Take a Drink: every time a kid smokes (I was gonna make it a Shot, but…)
Take a Drink: for each new leap in time
Take a Drink: for music
Take a Drink: for ironic political juxtaposition
Do a Shot: whenever Putin is name checked
By: Henry J. Fromage (Five Beers) –
I lived in Russia last year, in Russia’s third largest city- Kazan. Living in the city itself, outside of some dodgy water and electrical utilities, was a fairly comfortable, modern experience. Once you left the cities, however, your train chugging past shanty-like “summer” dachas that are really primary homes for many, especially the elderly, a different picture of this huge nation emerges.
And it doesn’t look like this
Something Better to Come examines the lives of a group of Russian citizens who can only aspire to a drafty clapboard dacha- the denizens of the Svalka, Europe’s largest landfill situated just outside Moscow. In particular, it follows the struggles of 10 year old Yula to escape a place which no one should call home.
This film touches on much more than just these unfortunate souls, including the 2002 Moscow Theater terrorist response catastrophe and the sheer length of the Putin regime- in many ways its Director Hanna Polak’s State of the Union for her home country. However, centering these disparate threads around Yula is a smart choice, because through this young girl’s eyes and experiences we learn so much more about the crushing hopelessness of a situation like her and her mother’s, and, in the end, when the timeline speeds up dramatically to show what’s become of her in the years since, the emotional punch is well-earned and incredibly powerful.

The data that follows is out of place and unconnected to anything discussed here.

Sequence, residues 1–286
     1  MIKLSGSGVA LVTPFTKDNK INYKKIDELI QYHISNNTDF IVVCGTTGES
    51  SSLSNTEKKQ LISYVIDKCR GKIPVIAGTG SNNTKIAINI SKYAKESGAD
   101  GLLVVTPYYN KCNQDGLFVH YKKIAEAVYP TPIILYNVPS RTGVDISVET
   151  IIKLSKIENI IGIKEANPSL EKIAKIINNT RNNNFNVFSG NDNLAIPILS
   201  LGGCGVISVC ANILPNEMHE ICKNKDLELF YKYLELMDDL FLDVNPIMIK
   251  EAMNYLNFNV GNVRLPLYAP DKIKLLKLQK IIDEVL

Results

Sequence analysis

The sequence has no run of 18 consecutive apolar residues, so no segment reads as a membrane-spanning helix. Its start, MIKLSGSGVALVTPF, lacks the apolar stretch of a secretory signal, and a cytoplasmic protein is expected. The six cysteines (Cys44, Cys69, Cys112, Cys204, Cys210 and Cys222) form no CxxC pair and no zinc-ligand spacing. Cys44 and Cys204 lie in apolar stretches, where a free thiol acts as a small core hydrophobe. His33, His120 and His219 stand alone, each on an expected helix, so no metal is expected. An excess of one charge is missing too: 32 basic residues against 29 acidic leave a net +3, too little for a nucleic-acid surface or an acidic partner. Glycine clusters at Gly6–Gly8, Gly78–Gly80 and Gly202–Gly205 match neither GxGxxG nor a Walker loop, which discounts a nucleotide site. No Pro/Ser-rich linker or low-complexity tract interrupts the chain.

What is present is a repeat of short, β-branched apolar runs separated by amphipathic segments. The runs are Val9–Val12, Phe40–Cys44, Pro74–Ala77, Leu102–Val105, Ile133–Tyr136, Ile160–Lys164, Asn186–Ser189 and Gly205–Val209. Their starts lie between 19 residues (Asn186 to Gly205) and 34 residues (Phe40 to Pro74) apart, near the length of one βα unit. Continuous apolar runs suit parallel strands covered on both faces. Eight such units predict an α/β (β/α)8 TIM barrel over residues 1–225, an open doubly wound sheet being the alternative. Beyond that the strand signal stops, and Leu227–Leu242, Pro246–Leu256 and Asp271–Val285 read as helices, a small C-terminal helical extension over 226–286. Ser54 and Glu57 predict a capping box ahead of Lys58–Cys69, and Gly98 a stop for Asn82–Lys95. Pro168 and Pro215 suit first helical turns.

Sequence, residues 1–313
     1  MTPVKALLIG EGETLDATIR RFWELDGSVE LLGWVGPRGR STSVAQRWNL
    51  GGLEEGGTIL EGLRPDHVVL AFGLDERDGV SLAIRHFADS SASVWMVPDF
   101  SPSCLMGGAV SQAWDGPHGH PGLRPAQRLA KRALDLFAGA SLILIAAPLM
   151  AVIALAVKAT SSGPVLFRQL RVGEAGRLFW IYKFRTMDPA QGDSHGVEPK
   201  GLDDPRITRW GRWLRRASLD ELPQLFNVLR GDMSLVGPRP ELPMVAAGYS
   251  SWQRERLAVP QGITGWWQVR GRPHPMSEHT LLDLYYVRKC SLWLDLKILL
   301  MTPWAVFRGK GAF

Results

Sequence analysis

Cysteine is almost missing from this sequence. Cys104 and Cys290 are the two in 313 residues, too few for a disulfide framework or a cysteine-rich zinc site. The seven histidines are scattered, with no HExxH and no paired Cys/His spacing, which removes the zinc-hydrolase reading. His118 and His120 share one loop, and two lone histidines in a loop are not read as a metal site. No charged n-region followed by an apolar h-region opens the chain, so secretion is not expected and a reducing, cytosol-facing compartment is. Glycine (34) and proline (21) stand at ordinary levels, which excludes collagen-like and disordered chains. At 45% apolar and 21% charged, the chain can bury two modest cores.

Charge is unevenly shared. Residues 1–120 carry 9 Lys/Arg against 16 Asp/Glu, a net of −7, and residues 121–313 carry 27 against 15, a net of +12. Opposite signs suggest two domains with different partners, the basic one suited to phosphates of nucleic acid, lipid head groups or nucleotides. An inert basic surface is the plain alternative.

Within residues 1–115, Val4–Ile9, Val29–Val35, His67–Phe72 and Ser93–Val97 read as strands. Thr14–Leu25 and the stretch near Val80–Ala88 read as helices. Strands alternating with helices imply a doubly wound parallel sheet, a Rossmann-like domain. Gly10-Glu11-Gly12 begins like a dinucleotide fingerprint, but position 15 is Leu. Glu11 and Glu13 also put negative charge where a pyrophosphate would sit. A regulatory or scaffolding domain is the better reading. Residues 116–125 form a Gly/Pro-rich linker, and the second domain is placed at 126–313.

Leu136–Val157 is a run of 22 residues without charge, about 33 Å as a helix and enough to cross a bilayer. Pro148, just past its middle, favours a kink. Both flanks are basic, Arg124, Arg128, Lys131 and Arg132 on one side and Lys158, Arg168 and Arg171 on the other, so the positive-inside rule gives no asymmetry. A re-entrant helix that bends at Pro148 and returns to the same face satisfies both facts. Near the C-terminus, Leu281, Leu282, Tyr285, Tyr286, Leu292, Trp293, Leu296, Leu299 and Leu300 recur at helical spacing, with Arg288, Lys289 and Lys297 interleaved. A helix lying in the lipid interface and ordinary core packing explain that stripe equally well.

Watching somebody getting to do a shitty job has never been this tear-jerking
Make no mistakes- this is a brutally harsh film, full of a simply staggering lack of respect for the value of human life on many fronts, from (clearly) the government, to the wisecracking bulldozer drivers who’ve all accidentally run over more than one person, to the very inhabitants of the trash heaps themselves. As Barry Crimmins said in a recent interview, though, “If people who can live through, survive, or be wronged by such things, we can muster up the courage to at least tell about it.” Hanna Polak clearly has that courage.
What she doesn’t have is a great deal of subtlety. There are scenes, like when a mother leaves her child behind in a hospital while the camera lingers in the room… cut to squalling baby, then cut to the next scene, where you have to call bullshit from a documentary perspective. Likewise, we never get much of an eye into the economics of their situation- where do the hair dye and unending packs of cigarettes come from?
You know smokers aren’t throwing away entire packs of cigarettes…
When the documentary ethics are clearly shaky, it unfortunately casts a shade on some of the political commentary as well. Is that actually Putin’s inaugural address playing over the radio some kid’s just turned on in his family’s makeshift shack? These are questions a documentarian should avoid like wildfire, but which Polak invites with some of her more obviously massaged sequences.
I’m not sure I’d call Something Better to Come a good documentary (but if Searching for Sugar Man has an Oscar…). However, it’s unquestionably an incredibly moving film.